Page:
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Qinshan NPP: China's first indigenous nuclear power plant

 

 

Qinshan Nuclear Power Plant (NPP), located in Zhejiang province, was China's first NPP and was entirely designed and built using Chinese technology. Operated by Qinshan Nuclear Power Company, a CNNC subsidiary, it has boosted the economy of the town and serves as an example of China's progress in developing its nuclear power industry.

 

The Chinese government decided to develop nuclear power in 1970 to address electricity shortages in Shanghai and other areas of East China. Qinshan town was chosen as the place to build the first NPP because of its proximity to the sea and the rarity of extreme weather events.

 

Construction of the pressurized water reactor commenced in 1985, and the first phase of Qinshan NPP was completed in 1991, ensuring the town would play a major part in the story of China's development of nuclear power.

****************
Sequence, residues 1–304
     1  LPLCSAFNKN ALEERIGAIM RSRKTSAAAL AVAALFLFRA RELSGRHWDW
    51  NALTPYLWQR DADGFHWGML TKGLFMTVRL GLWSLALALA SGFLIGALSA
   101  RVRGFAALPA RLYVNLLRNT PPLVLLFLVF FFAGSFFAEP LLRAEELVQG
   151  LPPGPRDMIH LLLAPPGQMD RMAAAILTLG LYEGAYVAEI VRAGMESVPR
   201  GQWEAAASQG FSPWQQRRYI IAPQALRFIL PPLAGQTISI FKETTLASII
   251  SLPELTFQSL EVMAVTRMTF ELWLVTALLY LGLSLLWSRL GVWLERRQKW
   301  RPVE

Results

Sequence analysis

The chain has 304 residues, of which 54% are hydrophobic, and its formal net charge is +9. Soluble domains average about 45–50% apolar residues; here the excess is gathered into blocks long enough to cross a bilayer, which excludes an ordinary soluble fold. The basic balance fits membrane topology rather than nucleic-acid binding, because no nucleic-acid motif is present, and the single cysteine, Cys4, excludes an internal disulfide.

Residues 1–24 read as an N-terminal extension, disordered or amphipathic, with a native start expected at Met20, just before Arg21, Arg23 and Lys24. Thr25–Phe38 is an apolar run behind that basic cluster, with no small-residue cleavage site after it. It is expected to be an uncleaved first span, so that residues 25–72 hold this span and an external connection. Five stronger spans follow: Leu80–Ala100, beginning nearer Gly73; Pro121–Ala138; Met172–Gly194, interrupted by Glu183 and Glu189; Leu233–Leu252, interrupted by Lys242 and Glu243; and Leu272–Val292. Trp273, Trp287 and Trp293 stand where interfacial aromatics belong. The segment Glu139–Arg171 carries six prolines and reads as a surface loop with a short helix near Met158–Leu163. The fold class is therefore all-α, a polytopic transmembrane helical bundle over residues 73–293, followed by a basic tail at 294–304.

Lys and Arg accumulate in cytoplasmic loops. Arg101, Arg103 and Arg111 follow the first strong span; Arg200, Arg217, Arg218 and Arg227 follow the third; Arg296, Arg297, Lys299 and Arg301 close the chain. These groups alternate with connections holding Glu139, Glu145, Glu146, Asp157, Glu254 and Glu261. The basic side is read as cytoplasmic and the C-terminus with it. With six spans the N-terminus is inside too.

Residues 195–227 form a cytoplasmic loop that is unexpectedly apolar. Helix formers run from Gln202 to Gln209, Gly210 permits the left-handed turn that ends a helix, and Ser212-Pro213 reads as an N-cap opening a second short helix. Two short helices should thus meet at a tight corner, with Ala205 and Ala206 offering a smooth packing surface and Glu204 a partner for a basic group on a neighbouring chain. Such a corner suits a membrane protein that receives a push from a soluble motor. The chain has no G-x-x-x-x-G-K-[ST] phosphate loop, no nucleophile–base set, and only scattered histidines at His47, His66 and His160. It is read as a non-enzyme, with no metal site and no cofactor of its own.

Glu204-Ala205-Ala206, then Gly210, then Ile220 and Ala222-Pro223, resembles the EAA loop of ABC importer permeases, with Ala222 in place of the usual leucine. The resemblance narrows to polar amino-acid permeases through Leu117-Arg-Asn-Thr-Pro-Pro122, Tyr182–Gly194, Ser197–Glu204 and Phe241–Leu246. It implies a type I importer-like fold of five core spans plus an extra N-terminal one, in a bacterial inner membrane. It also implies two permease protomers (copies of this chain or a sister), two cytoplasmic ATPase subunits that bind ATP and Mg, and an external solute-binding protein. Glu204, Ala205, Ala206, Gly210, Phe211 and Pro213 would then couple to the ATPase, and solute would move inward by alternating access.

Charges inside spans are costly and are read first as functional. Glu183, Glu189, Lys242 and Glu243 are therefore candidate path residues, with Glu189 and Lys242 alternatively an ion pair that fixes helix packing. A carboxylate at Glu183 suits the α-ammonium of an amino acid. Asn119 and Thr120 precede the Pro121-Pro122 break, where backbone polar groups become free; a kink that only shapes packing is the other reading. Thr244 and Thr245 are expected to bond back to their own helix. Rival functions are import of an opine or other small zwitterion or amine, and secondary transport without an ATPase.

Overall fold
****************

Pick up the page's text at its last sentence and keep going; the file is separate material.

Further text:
After that, the second and third phases of Qinshan NPP as well as Fangjiashan NPP were launched. Having developed the ability to build NPPs with gross power outputs of 300 MW, 600 MW and 1,000 MW, China has since become one of a number of countries that have mastered complex nuclear technologies. 

 

As of the end of June 2019, Qinshan NPP has generated a total of 560 billion kilowatt hours, reducing carbon dioxide emissions by 5.4 tons, said Cao Shuilin, deputy secretary of the CPC Party committee of Qinshan NPP, and vice-president of CNNC. 

 

Qinshan NPP has been welcomed by local residents, with the plant bringing many benefits to the local community. And the company opened Qinshan NPP Science and Technology Museum in 2017 to help educate local residents about nuclear power. In addition, the plant contributes to the local government's tax revenues, enabling it to spend more on welfare and infrastructure. 

 

Since the establishment of Qinshan NPP, China has built up a wealth of experience in the nuclear field, and now the country intends to focus on innovation and exporting its technologies overseas. China has already signed agreements with more than 20 countries to develop nuclear power.  

 
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